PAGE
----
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GP Week : Issue 140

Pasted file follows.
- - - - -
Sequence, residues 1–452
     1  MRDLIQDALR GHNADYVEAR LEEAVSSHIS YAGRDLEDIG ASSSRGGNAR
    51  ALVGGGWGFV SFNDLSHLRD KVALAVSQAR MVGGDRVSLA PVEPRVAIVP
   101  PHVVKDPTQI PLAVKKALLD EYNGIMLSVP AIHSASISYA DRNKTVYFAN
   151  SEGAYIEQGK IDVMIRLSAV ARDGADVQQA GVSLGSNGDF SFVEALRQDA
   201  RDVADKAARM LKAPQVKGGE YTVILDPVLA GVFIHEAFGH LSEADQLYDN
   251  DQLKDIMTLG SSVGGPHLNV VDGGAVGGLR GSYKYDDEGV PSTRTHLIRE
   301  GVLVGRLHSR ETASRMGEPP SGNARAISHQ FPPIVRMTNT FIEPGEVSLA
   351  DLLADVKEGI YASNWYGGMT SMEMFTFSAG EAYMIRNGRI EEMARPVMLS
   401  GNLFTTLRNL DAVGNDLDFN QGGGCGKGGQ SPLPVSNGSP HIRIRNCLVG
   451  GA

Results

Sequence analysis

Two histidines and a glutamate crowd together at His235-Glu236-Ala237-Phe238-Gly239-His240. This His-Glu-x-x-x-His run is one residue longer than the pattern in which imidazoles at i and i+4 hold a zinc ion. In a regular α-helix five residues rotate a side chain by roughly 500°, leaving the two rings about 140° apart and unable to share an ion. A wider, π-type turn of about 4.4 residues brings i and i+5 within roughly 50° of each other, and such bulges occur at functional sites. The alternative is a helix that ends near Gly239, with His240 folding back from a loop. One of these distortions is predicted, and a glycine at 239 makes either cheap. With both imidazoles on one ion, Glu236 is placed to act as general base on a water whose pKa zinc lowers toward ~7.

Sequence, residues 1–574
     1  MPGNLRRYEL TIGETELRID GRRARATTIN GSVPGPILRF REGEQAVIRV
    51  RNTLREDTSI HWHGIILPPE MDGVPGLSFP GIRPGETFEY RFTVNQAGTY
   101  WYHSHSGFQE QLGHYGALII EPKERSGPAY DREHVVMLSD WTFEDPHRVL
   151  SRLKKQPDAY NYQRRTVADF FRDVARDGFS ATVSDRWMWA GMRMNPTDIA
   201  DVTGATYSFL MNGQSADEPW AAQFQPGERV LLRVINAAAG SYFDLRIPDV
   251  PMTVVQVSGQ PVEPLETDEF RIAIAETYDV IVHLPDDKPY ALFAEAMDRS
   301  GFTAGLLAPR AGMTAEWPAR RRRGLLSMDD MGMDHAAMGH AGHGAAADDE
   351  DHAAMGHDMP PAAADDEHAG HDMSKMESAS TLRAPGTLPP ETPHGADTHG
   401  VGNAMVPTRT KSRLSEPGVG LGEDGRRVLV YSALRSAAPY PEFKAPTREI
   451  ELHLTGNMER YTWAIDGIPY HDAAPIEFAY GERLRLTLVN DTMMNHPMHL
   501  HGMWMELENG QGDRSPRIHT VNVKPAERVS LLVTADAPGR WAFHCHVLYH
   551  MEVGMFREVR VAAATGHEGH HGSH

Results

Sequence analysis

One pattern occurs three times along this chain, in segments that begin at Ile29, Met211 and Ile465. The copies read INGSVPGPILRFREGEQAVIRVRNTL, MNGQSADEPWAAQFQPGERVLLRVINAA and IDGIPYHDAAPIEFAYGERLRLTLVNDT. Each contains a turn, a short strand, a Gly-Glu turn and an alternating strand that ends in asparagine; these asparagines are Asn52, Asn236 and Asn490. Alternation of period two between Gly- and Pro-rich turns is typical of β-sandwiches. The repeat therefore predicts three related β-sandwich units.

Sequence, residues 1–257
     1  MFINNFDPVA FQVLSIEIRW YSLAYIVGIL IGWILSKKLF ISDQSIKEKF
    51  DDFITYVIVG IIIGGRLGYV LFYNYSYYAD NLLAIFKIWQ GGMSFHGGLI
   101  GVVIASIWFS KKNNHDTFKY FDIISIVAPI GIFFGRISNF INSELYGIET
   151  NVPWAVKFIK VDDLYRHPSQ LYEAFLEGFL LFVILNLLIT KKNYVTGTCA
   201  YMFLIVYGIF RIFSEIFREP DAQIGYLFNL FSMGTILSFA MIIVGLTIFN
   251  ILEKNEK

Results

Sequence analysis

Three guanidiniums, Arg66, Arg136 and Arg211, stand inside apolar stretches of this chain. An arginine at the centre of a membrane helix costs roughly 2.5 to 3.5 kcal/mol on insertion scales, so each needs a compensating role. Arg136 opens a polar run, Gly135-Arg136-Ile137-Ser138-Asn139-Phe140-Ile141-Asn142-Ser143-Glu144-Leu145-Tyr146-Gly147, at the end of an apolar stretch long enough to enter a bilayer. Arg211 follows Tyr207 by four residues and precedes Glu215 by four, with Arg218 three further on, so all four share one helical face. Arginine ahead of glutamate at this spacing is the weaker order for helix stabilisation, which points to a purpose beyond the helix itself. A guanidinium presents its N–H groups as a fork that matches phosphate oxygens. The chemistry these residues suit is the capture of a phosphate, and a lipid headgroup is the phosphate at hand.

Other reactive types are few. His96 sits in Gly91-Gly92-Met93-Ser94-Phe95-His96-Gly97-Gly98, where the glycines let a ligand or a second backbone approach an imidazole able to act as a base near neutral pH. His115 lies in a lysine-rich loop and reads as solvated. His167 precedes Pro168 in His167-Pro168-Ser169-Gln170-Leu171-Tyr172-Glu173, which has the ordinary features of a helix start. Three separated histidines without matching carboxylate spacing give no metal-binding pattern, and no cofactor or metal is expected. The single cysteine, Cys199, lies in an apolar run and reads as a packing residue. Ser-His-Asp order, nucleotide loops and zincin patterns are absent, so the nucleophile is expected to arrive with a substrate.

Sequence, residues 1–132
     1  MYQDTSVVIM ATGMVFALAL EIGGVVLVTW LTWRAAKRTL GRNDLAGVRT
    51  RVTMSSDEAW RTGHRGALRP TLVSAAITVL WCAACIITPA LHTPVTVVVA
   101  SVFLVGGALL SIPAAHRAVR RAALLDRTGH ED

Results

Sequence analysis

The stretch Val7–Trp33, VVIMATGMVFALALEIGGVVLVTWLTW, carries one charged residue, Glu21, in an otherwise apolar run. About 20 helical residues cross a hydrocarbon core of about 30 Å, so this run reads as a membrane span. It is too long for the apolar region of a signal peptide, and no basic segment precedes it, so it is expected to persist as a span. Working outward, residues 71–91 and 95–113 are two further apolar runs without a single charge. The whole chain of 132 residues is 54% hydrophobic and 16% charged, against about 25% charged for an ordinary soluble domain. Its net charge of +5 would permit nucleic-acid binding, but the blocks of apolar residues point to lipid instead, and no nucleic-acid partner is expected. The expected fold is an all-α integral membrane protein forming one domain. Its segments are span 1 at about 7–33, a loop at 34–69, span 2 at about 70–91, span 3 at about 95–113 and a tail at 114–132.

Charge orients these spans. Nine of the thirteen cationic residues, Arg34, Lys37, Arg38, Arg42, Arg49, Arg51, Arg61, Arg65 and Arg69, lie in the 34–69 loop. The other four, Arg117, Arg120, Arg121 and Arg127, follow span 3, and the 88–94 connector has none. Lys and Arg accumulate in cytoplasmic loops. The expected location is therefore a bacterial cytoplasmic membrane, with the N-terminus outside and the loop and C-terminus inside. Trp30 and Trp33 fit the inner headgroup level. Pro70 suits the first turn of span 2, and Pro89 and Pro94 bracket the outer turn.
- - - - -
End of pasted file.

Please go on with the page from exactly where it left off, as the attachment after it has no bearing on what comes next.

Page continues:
WRC FEATURE >> 2001 had been a long and challenging year, in which Richard Burns gained his points little by little. At the start of the British event, no fewer than four drivers were still in the running for the title. These were Richard, Colin McRae, and, with fewer chances of success Carlos Sainz and Tommi Makinen. Makinen was out very early on with a suspension bolt failure, and McRae had a big accident at much the same time. Sainz had been running further back and when he was then involved in a spectator-related accident he withdrew, leaving Burns to gain a minimum three points in order to become the champion, which he duly did. So, that wasn’t a rally with any special memories. But two months earlier there was. It was to be his and Subaru’s only victory of the year and, in the end, the final world championship victory of his sadly shortened career. Richard, the 2001 world rally champion died on 25th November 2005, but what happened on this particular event four years earlier was still just as unforgettable as any other to everyone who followed Richard’s career – especially to his co-driver, Robert Reid. To celebrate the 10 years since Richard and Robert were the champions, Robert told us about the most unforgettable event of their most important season. The season had not started off too well. Richard did not score any points till the third round. They were lying eleventh in the series after the first four events, with 10 more to go... The 2001 Propecia Rally New Zealand came at an unforgettable time in itself. The event started nine days after the 9/11 tragedy in America, something which caused serious disruption in itself to the aerial transit of people and equipment. Eventually nearly everyone made the journey but the Japanese Subaru company ordered a large group of dealer technicians, who were to work the cars as a work incentive award, to stay at home. Then, inside the sport, there were changes. Of the five registered manufacturers who entered the event Subaru and Mitsubishi both went to New Zealand with new team managers., Burns’ Subaru had a revised, lighter air box for this event, said to give more power, not fitted to the team cars of Petter Solberg and Toshi Arai. For Richard and Robert 2000 had been a good year. The 2000 ‘S6’ car was spectacular, but the disappointment for Richard of not winning that championship was huge. Robert: “By the end of the season (again the Network Q Rally GB) we had done all we could, we had done our part, and yet Marcus also did his part and ended up winning. So that was really disappointing. There was a lot of expectation in ‘01 as to how we could put together a championship year. It didn’t start great – the ‘01 car (Subaru’s Impreza WRC ‘S7’) just wasn’t initially what anyone had hoped for. We were really struggling with it. By the time we went to New Zealand for the 10th round of the series, we had struggled to rise to fifth place in the championship. “ This was an event which Richard and I both particularly enjoyed and liked, and we really needed to win this rally. We felt that if we didn’t win this rally then the championship chances were fast disappearing. We had won New Zealand in 1996 when it wasn’t a full championship event (that was in a Mitsubishi) so there was a little bit of unfinished business there in terms of winning it as a full championship round. “It was an event that suited Richard. He always went well on that type of event and enjoyed the place as well. But there was also a huge question of tactics because of the exaggerated road-cleaning problem on that event. How you could play this to your advantage led to a lot of discussion.” These were evolving times in the sport. Running-order tactics were in their infancy: “ We started the event running fifth on the road. The first stage on Day 1 (Te Akau North) was the longest of the day but this was no time or place to attack. Right from the start we knew we needed to slow right down. We certainly didn’t want to be running first on the road or high up on Day 2. 45